Which leads me to my thoughts on where this blog is going.  This starts with what I want from this blog:  discussion and exposition of ideas on topics that interest me 1) where I have something original to add and 2) that is important to many individuals if not humanity in general.  I don’t want to be a news aggregator—many others are already doing that, and probably much better than I would.  Commentary on news items, something I do engage in on occasion, is something I hope to do less of, though there’s a fine line between the analysis of a phenomenon as reflected in several news stories and simple news commentary.  What I want to do is write stand-alone essays providing critical analysis from a systems-thinking perspective and provide novel system-oriented proposals for the future.  This, of course, can be a bit difficult on a weekly basis, so I will probably increase the practice I’ve used frequently in the past of publishing a series over several weeks to cover a given idea.  In the next post is a brief recap of some of the core analyses and proposals I’ve made so far, my thoughts on where these previous ideas need to go next, and in an interim conclusion, a post with a list of ideas I hope to explore in the future.  I’m not writing this just to see my thoughts turned into words—there are two goals here:  1) in keeping with the intent of this blog to be a meta-tool for my own thinking, these post force me to compose my thoughts on this topic in a more coherent manner; and 2) to solicit feedback (either via email or in the comments, as usual) on these ideas.   

However, before I delve into the details, there’s one more purpose of compiling these lists:  to evaluate whether they have done anything, either for my self or for a broader community.  I’ll comment more on this later, but have the ideas I’ve previously written about gained any traction?  Have they moved me or others to take action that would not have been taken without these posts?  Have they spurred anyone else to thoughts that have had an impact?  And, of course, my future writing plans must be influenced by these answers.  My goal, to the extent that this blog is a tool for my own thinking, is to impact my own life.  I’m increasingly of the opinion that “we” as a society will not take the steps necessary to “solve” our problems, so is there any broader value to my writing, or am I just entertaining myself while shaping my own plans?  Is there value in shaping the plans of others even though they will never constitute the mainstream or the power elite?  Should I, in fact, with it no other way (as I tend to think)?  What, specifically, is the broader value of this blog (which, it seems, must be one of my future topics…)?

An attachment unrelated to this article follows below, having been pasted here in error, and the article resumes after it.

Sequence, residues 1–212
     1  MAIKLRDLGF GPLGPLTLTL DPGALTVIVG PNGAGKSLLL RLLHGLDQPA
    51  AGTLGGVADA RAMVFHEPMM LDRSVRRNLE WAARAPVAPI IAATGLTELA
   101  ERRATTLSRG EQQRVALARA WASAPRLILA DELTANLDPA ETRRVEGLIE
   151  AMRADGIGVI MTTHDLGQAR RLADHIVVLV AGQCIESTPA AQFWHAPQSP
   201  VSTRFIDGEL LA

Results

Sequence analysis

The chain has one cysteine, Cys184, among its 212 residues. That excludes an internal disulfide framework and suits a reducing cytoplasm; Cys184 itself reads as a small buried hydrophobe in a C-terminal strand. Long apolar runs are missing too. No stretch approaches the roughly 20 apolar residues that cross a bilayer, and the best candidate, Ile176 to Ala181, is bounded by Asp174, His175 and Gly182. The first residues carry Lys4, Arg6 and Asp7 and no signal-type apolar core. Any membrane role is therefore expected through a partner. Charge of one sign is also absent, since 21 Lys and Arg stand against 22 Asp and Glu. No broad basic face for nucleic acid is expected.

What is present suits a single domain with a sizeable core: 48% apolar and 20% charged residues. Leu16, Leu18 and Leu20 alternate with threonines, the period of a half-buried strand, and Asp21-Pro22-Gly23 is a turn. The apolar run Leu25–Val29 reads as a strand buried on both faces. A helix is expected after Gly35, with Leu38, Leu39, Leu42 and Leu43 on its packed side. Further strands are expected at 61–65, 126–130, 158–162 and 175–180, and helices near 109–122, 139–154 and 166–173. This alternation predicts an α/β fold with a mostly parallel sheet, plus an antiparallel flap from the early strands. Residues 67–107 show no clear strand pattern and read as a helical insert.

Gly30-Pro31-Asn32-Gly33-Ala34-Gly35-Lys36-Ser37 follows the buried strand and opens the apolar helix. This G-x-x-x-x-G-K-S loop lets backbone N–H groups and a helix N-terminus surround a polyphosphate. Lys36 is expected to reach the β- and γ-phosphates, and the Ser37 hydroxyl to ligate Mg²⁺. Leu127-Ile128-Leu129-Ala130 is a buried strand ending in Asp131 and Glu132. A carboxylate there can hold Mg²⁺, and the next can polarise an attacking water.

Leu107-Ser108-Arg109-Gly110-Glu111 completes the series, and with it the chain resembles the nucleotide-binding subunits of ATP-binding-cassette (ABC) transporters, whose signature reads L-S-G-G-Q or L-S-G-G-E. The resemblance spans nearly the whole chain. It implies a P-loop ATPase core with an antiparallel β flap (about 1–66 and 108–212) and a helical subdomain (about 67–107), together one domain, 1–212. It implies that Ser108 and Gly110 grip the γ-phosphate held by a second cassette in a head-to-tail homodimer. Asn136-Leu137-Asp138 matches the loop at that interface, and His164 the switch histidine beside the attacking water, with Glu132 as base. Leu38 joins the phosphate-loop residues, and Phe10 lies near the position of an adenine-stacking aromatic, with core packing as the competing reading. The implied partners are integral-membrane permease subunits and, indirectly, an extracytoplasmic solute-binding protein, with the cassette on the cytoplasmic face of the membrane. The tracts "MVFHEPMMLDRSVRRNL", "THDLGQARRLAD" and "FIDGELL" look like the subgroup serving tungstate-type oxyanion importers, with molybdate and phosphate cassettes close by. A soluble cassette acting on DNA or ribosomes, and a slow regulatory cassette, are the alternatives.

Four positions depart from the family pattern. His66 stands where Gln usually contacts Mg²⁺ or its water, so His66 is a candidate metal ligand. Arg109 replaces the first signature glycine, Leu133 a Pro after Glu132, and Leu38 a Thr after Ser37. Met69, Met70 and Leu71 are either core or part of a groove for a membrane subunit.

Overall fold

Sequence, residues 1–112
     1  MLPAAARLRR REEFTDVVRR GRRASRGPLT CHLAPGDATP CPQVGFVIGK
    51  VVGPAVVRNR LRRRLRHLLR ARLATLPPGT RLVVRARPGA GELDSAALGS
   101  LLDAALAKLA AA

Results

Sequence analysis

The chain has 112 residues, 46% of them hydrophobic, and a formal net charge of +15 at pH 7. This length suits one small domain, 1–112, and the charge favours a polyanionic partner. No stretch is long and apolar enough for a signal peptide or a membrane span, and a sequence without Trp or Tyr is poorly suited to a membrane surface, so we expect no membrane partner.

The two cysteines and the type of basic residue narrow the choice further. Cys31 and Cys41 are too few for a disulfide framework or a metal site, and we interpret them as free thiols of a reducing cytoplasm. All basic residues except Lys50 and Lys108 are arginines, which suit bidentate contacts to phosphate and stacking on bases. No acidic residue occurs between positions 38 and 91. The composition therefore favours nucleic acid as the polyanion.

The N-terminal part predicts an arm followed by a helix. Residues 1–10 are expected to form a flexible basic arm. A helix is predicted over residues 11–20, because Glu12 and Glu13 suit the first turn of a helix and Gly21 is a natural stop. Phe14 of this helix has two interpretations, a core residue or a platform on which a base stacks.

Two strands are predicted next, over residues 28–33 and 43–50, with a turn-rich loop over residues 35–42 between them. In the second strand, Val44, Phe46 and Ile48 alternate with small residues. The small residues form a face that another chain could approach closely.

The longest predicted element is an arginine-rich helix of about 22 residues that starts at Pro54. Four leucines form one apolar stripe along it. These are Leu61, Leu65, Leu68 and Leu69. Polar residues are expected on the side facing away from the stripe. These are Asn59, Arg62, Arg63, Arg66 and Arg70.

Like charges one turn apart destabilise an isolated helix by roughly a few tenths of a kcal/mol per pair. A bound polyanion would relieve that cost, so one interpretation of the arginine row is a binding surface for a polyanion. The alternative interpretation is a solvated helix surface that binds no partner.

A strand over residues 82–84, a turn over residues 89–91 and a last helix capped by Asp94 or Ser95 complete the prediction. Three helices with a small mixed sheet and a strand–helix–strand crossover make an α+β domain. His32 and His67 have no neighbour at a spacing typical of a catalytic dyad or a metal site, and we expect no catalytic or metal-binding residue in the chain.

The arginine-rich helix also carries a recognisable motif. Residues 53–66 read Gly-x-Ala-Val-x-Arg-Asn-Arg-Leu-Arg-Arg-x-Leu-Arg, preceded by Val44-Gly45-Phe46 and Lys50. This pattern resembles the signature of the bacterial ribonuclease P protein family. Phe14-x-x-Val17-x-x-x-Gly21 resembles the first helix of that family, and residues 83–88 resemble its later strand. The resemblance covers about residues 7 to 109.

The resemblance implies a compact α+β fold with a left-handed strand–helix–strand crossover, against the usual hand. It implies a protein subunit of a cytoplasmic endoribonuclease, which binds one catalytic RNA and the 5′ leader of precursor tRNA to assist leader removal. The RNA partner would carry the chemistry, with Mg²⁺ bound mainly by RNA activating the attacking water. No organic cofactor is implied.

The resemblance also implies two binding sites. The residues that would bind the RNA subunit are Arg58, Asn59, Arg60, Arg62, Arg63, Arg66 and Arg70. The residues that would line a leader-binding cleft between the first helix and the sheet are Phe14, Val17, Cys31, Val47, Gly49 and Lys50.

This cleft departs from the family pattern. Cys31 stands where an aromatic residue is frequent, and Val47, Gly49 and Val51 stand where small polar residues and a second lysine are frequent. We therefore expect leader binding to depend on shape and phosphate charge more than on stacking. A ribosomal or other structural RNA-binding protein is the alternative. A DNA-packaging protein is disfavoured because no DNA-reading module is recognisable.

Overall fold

Your thoughts are not just permitted (the comments are always open), but encouraged.  If you have read this blog for one day or for years, I'd love to hear what you think of it, if it has been of value, if I'm drifting off course, and what that course should be.  Or even if you just have topic suggestions.  As always, I take comments and emails at and do my best to respond directly to all (though last week's 34 was a bit overwhelming, especially since I'm preparing for trial this week)...

Monday, April 06, 2009

Planning for the Future

Predictions are difficult, especially when they're about the future.

There's an interesting new website up, Wrong Tomorrow, that strives to track and report on the predictions of various pundits and prognosticators. Turn out that my prediction that the Mexican state won't see 2012 is up for testing--though, highlighting one weakness of the site, it takes my prediction out of context, dropping the first half of my prediction that some form of state-shell may exist in Mexico for decades. I didn't intend my prediction to be inherently testable or not testable--perhaps in the future I will be more careful to conclude with an empirically testable prediction...